In this 3-part series, eight British personalities from various faiths attempt the ancient Via Francigena pilgrimage. The group travel the ancient roads largely on foot, endure pain, sweat and, at times, tears but forming an indelible bond through shared experience and conversation. Part 1 of 3.
In this episode, the pilgrims are beginning to realize how important the simple life is to the pilgrim experience. Highlights include stops at Roman baths; talks about faith between Greg, a lapsed Jehovah's Witness, and Brendan, an atheist; and a pilgrim blessing from the deacon of the Church of the Pilgrim. Part 2 of 3.
In the final episode, the pilgrims are on the tenth day of their journey, with 65km to go before they reach Rome. Highlights include walking through an isolated wood; visiting Sutri, a medieval town with a magnificent Roman amphitheater and an ancient Etruscan church; and, at journey's end, an extraordinary invitation from the Vatican. Part 3 of 3.
This program traces Dorothy Day's journey from a young communist journalist, to a Catholic convert, to the co-founder of The Catholic Worker newspaper and the first "houses of hospitality," which sheltered New York City's homeless during the Great Depression.
While Terry works to charm Hannah and the locals, George gets editorial pressure from Big Mac to put celebrity chef Terry on the front page of the paper. George's warnings of his brother's murky past fall on deaf ears.
Leaks from the Swedish police prove to be from someone working on the Task Force. Ingvar and Inger Johanne determine that they cannot trust anyone but each other. At the same time, their private lives are really put to the test as Warren once again worms his way into Inger Johanne’s life.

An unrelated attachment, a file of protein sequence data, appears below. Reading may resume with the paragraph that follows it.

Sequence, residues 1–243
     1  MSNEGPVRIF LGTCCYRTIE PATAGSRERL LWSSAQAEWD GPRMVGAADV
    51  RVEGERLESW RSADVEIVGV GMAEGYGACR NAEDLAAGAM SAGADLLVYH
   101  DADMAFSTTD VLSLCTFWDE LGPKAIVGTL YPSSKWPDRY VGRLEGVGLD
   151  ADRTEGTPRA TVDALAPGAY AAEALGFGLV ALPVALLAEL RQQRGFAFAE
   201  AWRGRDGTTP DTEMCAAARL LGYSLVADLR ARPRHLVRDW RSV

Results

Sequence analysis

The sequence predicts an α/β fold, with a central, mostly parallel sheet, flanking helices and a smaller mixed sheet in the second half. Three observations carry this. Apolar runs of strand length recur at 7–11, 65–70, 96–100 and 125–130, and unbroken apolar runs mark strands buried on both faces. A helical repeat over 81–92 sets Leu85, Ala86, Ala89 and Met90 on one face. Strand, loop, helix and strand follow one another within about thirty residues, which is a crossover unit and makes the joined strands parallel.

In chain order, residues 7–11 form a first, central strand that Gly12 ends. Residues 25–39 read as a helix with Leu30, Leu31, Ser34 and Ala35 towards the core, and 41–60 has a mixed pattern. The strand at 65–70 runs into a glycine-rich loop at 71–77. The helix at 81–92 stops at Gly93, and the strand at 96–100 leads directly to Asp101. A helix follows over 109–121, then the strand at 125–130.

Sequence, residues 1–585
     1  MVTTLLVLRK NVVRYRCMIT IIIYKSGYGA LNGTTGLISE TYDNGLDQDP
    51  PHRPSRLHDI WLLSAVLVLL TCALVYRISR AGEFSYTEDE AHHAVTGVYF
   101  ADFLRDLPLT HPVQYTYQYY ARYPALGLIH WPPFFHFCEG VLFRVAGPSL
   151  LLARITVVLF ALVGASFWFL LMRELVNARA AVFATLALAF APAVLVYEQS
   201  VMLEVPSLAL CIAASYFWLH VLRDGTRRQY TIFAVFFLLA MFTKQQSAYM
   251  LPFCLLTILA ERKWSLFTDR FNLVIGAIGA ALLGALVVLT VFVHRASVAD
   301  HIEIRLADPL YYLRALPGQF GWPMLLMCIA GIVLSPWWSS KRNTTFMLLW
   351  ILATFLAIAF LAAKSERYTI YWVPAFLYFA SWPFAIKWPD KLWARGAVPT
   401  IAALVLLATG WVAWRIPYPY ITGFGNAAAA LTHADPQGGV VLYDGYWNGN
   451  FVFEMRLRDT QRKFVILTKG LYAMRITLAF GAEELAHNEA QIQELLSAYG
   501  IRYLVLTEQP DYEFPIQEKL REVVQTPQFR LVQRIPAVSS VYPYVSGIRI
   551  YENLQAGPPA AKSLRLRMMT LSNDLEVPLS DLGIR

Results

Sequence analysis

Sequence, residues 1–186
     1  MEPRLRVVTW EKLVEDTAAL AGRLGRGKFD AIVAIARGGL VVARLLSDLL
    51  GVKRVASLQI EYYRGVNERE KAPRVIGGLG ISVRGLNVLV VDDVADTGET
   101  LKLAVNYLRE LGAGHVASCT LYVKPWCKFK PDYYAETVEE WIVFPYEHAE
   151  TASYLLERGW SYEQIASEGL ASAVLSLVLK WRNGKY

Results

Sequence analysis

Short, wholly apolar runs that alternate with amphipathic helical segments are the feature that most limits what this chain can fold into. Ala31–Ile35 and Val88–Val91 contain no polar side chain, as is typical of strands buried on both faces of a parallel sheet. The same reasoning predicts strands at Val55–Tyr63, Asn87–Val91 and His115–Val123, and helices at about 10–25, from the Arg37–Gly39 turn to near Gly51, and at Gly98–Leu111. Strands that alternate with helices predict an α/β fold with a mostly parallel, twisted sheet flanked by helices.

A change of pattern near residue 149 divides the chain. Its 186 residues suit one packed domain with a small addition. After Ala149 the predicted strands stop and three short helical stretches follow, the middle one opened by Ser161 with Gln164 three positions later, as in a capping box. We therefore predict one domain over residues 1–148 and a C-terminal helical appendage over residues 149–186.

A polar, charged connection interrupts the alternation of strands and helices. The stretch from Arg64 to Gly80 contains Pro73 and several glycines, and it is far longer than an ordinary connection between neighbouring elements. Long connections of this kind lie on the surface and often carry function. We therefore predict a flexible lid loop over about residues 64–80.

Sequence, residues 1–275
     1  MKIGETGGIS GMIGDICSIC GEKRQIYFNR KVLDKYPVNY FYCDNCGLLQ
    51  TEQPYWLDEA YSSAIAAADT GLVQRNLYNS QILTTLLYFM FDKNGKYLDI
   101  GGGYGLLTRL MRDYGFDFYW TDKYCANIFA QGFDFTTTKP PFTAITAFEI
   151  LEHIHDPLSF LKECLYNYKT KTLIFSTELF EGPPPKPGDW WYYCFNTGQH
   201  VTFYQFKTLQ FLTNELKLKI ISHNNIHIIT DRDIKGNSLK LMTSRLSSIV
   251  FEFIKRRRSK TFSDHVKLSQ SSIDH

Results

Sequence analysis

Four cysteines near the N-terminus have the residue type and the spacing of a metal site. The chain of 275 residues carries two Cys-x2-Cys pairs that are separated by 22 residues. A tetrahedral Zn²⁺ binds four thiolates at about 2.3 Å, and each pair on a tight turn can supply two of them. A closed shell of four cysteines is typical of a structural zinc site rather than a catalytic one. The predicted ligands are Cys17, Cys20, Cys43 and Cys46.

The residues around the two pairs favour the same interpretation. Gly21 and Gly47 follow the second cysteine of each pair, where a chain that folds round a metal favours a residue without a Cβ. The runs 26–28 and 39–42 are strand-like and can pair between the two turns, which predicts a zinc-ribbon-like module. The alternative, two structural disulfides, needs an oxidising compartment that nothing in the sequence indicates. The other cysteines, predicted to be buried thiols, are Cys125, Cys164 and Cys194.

Originally known as "Defiance," Glenwood Springs was once populated by a rowdy crowd of gamblers, gunslingers, and garish gals. This episode takes a look at the town's seedy history, saddles up at the bar at the historic Doc Holliday's Saloon, and visits Iron Mountain Hot Springs for some Colorado-style relaxation.
Erik Weihenmayer (pictured at The Sherpa House in Golden) became the first blind man to summit Mount Everest. In this program, he shares his journey from outdoor-enthusiast to sought-after motivational speaker and what it means to live a life with "No Barriers," the non-profit he created which works directly with people who are disabled mentally or physically.
This program profiles Frances Perkins, the first woman appointed to a U.S. Presidential cabinet. In her 12 years as Labor Secretary under FDR, Perkins created the Social Security program, a federal minimum wage, the 40-hour work week and unemployment compensation, and ended the legal use of child labor.
In this special, Rick travels back a century to learn how fascism rose and then fell in Europe – taking millions of people with it. Steves traces fascism's history from its roots in the turbulent aftermath of World War I – including the rise of charismatic leaders who manipulated the anger of the masses – to the horrific consequences of World War II.
At the peak of his fame in the 1970s, John Denver was the most popular singer in America. Yet this man who brought happiness to millions, was filled with insecurity, suffered from depression, and was savaged by the music critics. Exploring Denver's private life and public legacy, this intimate profile includes exclusive accounts from those closest to him.